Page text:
Vassar had meetings with Casey and James to try smooth things over, well before he knew anything about the text messages.
Here, the accounts begin to diverge. Tully Beatty, an assistant coach for UNCW in the late spring who testified to USAU as a witness for Vassar, said that it was obvious that Casey was hostile towards James.
“It seemed like [Casey] would give attention to 20 guys, and ignore the 21st guy, and that was [James],” he said.
Other sources confirmed Beatty’s sentiment, but Casey was adamant that his coaching of James was unaffected by the isolated text message incident.
“In his complaint to USAU, [Vassar] said that I refused to coach [James], which was not true,” said Casey. “[James] was on O points throughout the season, and I played the entire club season with him.”
McGrayne told Ultiworld that nothing appeared unusual last year at practice between Casey and James. “Their relationship on the field, to me, seemed fine,” he said.
James did not discover that the text messages were fraudulent until later in the spring, but didn’t tell anyone about it until after the season. He was worried about affecting team chemistry.
Casey maintains that the text messages were not intended to “manipulate or bully or anything along those lines,” though he does say that he deserved some punishment for the way he communicated with James.
He takes issue, however, with any sanctions involving his relationship with the former UNCW women’s player itself. “I firmly believed the entire time that I don’t think [USAU] should have any ability to rule on a coach’s relationship with a player that he didn’t coach at any point in his career,” he said.
Beatty isn’t so sure. “Those are some muddy lines,” he said. “That’s really muddy stuff. That’s what started it all.”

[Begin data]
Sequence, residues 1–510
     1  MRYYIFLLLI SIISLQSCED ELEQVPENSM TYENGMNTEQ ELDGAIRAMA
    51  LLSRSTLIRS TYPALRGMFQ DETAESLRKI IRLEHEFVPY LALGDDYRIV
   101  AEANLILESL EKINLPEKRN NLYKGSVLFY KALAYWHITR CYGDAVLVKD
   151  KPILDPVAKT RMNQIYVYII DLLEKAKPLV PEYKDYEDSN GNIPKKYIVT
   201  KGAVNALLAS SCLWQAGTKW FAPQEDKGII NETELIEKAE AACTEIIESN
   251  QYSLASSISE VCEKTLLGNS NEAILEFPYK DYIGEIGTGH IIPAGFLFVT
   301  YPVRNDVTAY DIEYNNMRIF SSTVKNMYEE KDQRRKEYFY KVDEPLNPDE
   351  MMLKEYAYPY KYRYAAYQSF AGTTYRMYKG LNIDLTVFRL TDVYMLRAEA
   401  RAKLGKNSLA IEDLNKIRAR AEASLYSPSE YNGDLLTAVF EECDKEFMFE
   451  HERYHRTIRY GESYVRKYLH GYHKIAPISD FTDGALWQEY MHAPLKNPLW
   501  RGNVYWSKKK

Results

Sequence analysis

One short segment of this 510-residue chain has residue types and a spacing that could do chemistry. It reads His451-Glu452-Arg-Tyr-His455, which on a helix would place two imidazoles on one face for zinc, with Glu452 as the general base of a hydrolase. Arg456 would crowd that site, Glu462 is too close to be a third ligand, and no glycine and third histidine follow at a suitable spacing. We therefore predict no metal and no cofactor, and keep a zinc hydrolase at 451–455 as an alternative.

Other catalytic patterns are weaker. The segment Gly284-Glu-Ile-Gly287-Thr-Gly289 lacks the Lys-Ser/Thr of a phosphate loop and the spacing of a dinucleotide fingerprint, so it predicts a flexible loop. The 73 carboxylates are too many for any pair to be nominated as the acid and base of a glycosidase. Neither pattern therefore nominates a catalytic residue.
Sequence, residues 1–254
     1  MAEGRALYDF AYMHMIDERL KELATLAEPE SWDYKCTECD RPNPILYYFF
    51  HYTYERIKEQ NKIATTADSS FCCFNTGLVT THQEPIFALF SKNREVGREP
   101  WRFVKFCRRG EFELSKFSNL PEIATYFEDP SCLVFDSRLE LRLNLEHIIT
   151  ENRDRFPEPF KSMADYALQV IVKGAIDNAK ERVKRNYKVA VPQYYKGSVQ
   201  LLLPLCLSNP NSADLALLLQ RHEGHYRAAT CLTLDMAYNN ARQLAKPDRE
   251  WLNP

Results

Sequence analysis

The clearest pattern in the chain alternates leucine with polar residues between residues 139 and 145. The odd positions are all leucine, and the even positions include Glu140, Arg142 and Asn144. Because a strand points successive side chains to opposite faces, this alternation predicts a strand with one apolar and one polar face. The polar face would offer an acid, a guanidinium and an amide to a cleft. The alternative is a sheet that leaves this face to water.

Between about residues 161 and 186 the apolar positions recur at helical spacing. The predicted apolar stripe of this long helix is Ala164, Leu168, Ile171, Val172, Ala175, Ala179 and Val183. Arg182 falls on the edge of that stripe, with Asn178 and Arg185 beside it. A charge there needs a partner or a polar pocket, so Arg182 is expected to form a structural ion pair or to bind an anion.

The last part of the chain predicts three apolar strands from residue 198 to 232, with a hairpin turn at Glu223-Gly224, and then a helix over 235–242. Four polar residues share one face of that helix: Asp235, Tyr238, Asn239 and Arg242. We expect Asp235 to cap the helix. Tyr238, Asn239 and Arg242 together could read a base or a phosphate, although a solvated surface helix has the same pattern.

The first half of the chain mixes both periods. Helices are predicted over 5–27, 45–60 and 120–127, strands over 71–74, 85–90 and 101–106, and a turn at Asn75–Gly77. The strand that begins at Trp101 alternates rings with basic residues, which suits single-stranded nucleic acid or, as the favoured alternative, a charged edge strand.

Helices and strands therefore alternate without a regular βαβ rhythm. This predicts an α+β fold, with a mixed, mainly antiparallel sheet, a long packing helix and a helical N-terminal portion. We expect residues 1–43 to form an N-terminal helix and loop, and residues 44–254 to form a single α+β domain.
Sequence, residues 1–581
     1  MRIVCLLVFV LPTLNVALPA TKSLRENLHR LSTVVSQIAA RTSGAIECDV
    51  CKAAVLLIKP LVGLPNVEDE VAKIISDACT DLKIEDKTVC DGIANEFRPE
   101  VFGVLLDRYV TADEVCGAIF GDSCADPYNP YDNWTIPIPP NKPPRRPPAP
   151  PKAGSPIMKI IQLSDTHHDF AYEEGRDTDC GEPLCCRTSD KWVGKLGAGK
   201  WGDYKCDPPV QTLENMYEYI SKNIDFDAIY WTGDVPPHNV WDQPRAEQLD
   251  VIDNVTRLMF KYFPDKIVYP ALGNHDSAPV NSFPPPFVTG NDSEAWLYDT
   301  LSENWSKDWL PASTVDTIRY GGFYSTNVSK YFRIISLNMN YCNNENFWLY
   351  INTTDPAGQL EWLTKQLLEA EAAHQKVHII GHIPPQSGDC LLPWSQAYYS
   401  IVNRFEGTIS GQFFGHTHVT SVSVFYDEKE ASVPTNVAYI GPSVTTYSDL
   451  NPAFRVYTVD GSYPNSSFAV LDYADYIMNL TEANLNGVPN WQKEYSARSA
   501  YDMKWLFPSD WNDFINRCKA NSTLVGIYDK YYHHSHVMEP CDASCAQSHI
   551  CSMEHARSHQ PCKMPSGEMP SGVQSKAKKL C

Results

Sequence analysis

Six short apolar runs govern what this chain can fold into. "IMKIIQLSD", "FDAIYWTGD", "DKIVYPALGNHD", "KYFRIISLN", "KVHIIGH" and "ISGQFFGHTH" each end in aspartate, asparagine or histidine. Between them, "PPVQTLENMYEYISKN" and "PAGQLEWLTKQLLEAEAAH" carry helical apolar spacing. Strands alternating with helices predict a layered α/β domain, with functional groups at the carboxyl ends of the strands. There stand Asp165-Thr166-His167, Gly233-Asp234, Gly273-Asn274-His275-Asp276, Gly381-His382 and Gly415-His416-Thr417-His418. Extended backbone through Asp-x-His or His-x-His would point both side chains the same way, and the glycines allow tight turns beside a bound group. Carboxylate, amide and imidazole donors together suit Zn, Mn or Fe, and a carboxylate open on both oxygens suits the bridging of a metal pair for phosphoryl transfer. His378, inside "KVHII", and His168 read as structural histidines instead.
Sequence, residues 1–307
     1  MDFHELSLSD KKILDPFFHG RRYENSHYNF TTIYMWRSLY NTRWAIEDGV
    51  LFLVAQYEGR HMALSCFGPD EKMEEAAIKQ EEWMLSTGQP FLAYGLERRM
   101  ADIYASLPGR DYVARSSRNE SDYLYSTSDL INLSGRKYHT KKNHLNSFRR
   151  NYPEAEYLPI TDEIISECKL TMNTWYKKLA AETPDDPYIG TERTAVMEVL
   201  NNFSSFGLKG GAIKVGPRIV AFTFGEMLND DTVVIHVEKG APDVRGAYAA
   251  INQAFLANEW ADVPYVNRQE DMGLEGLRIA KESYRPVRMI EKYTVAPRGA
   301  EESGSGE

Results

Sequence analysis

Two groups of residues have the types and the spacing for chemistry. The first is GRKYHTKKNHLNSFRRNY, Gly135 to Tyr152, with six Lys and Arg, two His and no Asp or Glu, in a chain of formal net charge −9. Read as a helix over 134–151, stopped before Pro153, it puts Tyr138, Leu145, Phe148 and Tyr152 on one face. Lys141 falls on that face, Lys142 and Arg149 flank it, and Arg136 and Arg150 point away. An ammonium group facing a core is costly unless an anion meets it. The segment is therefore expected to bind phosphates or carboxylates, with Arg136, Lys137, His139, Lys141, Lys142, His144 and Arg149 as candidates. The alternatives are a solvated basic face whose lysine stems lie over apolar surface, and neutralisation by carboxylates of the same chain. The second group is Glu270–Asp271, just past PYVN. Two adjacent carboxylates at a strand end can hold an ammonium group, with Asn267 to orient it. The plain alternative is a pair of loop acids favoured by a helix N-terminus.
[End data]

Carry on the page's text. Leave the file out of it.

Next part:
USAU’s Coaching Ethics Code says that “coaches should not engage in sexual intimacies with a former athlete for at least two years after cessation or termination of professional services,” but the athlete in question was never directly coached by Casey.
Another article of the Ethics Code (1.14.b) states: “Coaches do not engage in sexual/romantic relationships with athletes or other participants over whom the coach has evaluative, direct, or indirect authority, because such relationships are likely to impair judgment or be exploitative.”
Pinning down whether that applies to Casey’s situation is difficult. While he did not have direct authority over the female player, it could be argued that he did have indirect authority. USAU seems to have decided that the situation was more blurry than breach. The organization declined to comment on the suspension.
Casey and the UNCW leadership were frustrated by USAU’s suspension, particularly because of the timing of the Judicial Committee decision.
Complaints are supposed to be ruled on within 60 days, but a decision in Casey’s case did not come down until nearly 90 days after the initial complaint was filed in early November.
“I was pretty unhappy with [the decision],” said McGrayne. “I thought it came really, really late and came as the wrong decision.” That it came just days before their first tournament gave them little time to prepare for competing without their head coach.
Vassar and Beatty, however, were appalled by the lack of severity, considering the ethics violations they had reported.
“Slap on the wrist,” said Beatty. “I just don’t really know what’s going on behind the scenes. Maybe it’s, ‘Well we’ve had enough of UNCW. Let’s just do this and let them fend for themselves.’”
Before taking the complaint to USAU, Vassar filed a complaint directly with the university, but it was allegedly dismissed because no students came forward to testify and Vassar was no longer affiliated with the team. Club teams at UNCW are student-run and are free to openly select their coach.
Vassar has re-opened the case at UNCW following the USAU ruling. James has declined to be involved in any of the complaints and did not offer testimony to either the university or USAU.
Casey has already completed most of the remedial actions required of him by USAU before returning to coaching. He is waiting to finish the Coaching Certification quiz and still has some remaining community service hours, but expects to return to the field within the next two to three weeks.
Much Ado About Texting
The fundamental finding of the USAU Judicial Committee decision is that Casey’s text messages to James represented “outrageous, manipulative behavior.” But USAU only saw fit to assign a short-term suspension.
Nobody, including Casey, denies that it was inappropriate for a coach to send fake text messages to his own player, but is it a fireable offense?